While the world was shocked by Russia’s invasion of Ukraine, the Kremlin follows a far more sophisticated strategy: to gain control of most of the oil and gas sources and transport hubs on the Eurasian continent and become the energy dealer of the biggest economic area: Europe as well as the supplier of the economic region with the most dynamic growth: East Asia and especially China. Read the analysis in more detail in: The Post-Soviet World: A socioeconomic Analysis from the Fall of Communsim to the Invasion of Ukraine.
To do so, the Kremlin supported first the regime in Syria and later the inofficial government in the eastern half of Libya. It intervened in Azerbaijan to tighten its friendship with a potential competitor and invaded Georgia, the bottleneck, to transport Azeri oil and gas to Europe. Together with Turkey, Moscow competes about energy sources and high profits from the European economy. The Kremlin intervened in oil-rich Kazakhstan and strengthened bonds with Almati. While on the Far East Asian chessboard, the Kremlin gained a foothold in Central Asia after the American retreat from Afghanistan. With a loose network of diplomacy and military, the Kremlin gained control of most major oil- and gas pipelines running to China.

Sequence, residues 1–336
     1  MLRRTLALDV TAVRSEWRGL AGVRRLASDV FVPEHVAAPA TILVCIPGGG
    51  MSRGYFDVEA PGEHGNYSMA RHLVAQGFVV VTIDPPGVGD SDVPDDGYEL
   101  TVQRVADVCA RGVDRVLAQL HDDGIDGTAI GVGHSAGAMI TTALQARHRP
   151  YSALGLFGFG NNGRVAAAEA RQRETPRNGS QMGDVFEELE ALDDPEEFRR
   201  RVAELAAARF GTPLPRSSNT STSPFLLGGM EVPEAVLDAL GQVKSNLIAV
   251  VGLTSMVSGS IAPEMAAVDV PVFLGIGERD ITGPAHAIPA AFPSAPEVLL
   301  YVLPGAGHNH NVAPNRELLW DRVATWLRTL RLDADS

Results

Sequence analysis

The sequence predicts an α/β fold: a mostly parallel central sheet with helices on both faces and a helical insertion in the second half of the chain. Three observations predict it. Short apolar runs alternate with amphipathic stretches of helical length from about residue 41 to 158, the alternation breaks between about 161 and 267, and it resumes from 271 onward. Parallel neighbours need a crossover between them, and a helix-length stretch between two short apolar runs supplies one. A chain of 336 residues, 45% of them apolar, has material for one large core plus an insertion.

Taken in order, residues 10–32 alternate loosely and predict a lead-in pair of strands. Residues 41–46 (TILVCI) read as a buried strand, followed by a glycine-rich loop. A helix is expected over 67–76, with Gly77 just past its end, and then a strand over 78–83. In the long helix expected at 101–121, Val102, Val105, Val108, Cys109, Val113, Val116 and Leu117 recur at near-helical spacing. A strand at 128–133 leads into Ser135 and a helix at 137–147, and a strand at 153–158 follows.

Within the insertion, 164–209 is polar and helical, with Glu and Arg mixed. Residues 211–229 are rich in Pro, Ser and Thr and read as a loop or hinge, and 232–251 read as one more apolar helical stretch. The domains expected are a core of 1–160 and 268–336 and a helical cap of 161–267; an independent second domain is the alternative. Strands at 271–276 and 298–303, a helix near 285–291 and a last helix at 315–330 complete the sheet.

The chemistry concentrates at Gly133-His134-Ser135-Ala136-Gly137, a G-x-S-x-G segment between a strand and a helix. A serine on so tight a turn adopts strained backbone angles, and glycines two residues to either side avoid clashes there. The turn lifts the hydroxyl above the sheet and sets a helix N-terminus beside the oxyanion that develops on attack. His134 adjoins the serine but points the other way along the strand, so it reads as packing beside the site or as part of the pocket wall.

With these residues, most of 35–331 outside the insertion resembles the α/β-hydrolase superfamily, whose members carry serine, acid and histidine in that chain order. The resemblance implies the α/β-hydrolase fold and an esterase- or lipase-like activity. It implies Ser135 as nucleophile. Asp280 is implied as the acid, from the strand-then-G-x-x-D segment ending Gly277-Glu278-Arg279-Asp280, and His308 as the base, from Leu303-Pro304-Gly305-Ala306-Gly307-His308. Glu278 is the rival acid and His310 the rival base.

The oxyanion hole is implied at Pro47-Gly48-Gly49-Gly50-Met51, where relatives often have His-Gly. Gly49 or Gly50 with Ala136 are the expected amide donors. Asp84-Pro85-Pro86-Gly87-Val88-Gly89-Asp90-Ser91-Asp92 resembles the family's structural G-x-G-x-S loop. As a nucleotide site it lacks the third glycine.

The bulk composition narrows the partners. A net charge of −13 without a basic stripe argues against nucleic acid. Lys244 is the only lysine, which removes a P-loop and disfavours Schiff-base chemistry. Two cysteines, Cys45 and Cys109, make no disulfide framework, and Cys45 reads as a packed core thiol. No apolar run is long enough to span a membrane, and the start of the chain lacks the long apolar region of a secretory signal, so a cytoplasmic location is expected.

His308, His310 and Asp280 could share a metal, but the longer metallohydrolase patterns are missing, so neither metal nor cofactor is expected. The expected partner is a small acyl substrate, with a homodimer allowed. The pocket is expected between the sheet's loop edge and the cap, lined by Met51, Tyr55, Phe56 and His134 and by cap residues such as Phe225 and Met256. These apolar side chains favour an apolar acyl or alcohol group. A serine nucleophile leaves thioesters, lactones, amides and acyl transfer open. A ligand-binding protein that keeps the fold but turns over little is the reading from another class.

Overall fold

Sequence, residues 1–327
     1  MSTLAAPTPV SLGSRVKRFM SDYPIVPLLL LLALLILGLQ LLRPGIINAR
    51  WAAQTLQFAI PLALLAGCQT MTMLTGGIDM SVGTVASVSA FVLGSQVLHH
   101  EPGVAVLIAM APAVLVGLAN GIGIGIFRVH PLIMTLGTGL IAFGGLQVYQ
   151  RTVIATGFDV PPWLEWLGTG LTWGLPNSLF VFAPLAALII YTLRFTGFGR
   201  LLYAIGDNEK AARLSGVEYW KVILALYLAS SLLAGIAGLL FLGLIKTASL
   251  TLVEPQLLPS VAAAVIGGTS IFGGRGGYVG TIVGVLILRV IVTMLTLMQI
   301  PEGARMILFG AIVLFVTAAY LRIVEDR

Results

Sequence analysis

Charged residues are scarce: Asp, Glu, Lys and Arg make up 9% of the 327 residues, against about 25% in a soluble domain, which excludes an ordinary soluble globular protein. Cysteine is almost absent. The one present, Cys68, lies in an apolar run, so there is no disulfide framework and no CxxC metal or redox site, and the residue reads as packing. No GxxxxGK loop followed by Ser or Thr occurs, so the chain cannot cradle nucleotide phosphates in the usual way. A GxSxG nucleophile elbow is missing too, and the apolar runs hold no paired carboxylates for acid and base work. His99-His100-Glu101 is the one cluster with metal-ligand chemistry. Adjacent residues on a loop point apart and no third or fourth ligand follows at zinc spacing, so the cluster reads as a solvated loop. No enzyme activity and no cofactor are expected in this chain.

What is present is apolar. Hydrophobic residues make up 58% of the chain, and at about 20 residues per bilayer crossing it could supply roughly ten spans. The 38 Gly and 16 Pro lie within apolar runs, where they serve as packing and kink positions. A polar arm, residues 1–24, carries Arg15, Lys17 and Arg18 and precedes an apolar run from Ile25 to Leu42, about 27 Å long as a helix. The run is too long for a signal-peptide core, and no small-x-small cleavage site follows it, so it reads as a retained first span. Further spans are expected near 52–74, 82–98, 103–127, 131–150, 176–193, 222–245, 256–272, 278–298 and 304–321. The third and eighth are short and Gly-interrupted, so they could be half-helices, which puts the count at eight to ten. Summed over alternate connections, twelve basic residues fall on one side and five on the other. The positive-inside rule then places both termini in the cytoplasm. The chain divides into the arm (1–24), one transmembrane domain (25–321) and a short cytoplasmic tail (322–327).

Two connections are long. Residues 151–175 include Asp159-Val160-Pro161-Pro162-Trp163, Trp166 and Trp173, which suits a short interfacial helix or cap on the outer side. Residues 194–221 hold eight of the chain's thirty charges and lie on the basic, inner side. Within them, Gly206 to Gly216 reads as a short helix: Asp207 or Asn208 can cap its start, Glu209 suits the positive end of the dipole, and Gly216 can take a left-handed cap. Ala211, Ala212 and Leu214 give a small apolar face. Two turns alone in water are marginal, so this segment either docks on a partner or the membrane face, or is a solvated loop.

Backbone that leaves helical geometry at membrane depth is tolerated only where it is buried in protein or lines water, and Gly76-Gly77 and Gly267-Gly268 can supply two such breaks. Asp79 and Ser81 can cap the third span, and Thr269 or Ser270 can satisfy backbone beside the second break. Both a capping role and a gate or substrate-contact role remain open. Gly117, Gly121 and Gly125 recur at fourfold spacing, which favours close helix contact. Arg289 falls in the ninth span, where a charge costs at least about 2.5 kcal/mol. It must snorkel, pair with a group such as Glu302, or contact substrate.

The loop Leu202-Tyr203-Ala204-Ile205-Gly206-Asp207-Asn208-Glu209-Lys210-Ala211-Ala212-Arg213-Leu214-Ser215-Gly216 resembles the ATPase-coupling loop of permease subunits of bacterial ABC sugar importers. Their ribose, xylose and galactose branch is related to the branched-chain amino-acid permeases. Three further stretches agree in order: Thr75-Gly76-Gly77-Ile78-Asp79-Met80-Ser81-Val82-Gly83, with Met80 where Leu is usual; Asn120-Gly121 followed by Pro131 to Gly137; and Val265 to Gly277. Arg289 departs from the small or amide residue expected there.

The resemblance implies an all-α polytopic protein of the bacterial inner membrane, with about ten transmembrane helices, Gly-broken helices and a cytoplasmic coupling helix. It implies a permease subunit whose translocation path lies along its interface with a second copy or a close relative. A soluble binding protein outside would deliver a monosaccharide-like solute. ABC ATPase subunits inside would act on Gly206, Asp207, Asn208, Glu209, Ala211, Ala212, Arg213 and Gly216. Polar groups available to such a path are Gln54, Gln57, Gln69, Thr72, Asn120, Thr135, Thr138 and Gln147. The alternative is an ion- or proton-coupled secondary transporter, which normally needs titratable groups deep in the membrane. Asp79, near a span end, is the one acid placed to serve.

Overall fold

Learn more about the evolution in the former USSR countries after the fall of the Iron Curtain in our book: The Post-Soviet World: A socioeconomic Analysis from the Fall of Communsim to the Invasion of Ukraine.